The composition of Boards of Directors must guarantee a diversity of profiles, competencies, commitment, independence, relationship with the CEO and the breadth of the roles themselves. But this diversity should not be limited to only these elements, but also applied to the depth of conversations and discussions taking place.

By using this confluence of multifactorial diversity and turning Boards into spaces for real debate, companies can avoid Boards becoming ‘echo chambers’—generating unilateral visions that do not respond to the external requirements of the company, of investors and, especially, to the requirements of society.

By using this confluence of multifactorial diversity and turning Boards into spaces for real debate

With an eye on the long term (but what is the long term?)

One of the constants when talking about corporate governance is the importance of focusing on the long term. With a corporate world that moves in cycles marked by three- or five-year strategic plans, the long-term view is sometimes reserved more for environmental issues, leaving the rest of the ESG criteria and business issues for the short term and always marked by the generation of results.

Of course, this is not easy, and there are often clashes between the generation of sustained value, the need to generate dividends for investors and guarantee capitalization, and maintaining liquidity reserves for everything that may be necessary (from growing through M&A, to simply having a financial lung to withstand cyclical or unexpected crises).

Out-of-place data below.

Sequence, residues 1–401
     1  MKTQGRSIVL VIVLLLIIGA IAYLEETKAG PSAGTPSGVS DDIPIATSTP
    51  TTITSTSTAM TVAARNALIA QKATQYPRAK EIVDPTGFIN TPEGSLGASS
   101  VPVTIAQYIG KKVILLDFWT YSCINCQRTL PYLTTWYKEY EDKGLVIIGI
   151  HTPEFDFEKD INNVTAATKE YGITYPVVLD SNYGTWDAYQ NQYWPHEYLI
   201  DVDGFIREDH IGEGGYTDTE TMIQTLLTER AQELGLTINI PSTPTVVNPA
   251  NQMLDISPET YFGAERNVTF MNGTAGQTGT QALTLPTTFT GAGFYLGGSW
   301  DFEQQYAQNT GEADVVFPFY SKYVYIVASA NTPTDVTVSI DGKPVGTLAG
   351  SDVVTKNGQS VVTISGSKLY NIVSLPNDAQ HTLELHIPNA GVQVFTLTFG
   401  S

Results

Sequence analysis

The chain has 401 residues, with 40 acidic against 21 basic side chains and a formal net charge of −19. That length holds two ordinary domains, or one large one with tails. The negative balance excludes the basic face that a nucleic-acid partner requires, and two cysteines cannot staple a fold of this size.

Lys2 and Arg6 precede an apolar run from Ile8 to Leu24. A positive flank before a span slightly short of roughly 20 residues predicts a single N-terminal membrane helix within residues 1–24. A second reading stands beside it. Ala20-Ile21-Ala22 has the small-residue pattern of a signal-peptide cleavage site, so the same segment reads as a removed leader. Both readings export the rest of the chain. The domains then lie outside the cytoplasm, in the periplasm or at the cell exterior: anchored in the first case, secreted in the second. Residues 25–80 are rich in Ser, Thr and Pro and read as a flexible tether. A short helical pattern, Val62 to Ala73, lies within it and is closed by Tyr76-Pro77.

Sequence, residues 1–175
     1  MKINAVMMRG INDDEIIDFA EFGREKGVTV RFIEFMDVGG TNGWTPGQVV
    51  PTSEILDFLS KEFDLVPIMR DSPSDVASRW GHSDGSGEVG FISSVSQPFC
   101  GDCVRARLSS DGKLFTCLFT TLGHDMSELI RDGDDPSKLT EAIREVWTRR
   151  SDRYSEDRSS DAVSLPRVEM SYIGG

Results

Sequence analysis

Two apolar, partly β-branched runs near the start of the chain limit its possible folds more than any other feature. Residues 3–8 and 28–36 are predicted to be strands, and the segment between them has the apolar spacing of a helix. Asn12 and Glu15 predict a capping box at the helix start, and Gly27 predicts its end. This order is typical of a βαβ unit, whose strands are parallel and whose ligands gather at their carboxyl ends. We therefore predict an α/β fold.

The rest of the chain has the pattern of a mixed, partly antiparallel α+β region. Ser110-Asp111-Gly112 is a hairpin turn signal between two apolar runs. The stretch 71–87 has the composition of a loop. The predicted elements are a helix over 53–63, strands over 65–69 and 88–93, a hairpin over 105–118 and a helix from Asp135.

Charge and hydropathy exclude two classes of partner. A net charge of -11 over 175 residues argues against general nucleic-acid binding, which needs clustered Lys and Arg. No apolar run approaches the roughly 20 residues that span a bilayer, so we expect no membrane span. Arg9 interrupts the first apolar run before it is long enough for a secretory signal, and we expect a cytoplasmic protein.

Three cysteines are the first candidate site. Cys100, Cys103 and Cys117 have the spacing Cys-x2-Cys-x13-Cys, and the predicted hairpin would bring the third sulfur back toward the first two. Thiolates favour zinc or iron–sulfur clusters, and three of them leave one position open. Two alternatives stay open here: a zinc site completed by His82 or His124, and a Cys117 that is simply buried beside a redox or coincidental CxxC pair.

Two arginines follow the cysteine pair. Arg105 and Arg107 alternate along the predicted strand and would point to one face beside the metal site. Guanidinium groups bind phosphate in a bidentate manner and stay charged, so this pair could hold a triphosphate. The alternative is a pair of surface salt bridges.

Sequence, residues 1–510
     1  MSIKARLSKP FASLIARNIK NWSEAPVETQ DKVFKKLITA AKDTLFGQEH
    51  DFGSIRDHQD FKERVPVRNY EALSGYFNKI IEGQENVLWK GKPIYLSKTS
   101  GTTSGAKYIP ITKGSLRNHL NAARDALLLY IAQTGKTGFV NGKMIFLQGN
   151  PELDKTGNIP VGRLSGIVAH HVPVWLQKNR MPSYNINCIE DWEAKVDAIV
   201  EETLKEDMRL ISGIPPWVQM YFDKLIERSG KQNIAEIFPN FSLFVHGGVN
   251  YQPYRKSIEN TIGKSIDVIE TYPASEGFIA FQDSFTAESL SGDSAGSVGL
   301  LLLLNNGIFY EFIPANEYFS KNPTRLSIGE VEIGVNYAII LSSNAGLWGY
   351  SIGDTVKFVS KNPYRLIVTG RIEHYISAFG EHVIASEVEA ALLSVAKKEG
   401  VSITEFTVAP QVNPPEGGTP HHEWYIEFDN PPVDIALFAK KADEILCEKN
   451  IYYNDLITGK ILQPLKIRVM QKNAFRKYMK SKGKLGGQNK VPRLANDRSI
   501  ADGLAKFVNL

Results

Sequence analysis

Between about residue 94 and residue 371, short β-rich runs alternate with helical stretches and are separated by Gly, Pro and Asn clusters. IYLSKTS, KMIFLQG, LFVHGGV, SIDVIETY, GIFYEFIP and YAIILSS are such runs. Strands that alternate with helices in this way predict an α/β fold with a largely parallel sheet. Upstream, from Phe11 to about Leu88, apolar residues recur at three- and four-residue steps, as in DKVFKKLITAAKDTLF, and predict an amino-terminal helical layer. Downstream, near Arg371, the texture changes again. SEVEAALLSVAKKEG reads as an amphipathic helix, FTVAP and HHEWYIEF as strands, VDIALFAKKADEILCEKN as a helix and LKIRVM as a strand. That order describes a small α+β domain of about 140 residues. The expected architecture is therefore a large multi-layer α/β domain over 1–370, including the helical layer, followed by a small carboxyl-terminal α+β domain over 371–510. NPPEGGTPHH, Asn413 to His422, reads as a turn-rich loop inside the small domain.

The key to proper corporate governance here is twofold: on the one hand, understanding that the long-term concept has changed and goes beyond a succession of strategic plans; on the other hand, to act as aligners of all the elements that generate disruption or add noise to the long-term / short-term debate. This involves betting on accountability and constant measurement, culturally aligning the organization to ensure that the purpose, vision, strategic objectives, and action plans all point in the same direction.

Catalysts for the spirit of permanent innovation

If we assume that we live in liminal times and that we are unable to clearly forecast what the future will bring, the work of corporate governance must not get bogged down in speculating on what will change, but should prepare the organization to be ready for permanent change, and instill a capacity for reaction that turns reactivity into proactivity.

Thus, one of the objectives of good corporate governance is to be catalysts of permanent innovation. How? Last century, Boards were focused on creativity or technological skills—now is the time to make room for innovation. This involves the creation of senior management roles directly related to innovation, enmeshing these roles in Executive Committees, providing them with content, functions, objectives and metrics. This enmeshing also requires that other senior roles, such as the CFO or the CHRO, be aware of the importance of innovation and take it into account in their strategy and management KPIs as well.

Ensure the quality of information and transparency in communication

Possibly one of the great issues / signs of the current times, is disinformation and the impact that it has—not only on organizations, but on the world in which we live and the way we relate.  This is an issue that affects people (implementing a culture of total and constant measurement in the organization), technology (through analytics and measurement solutions) and processes.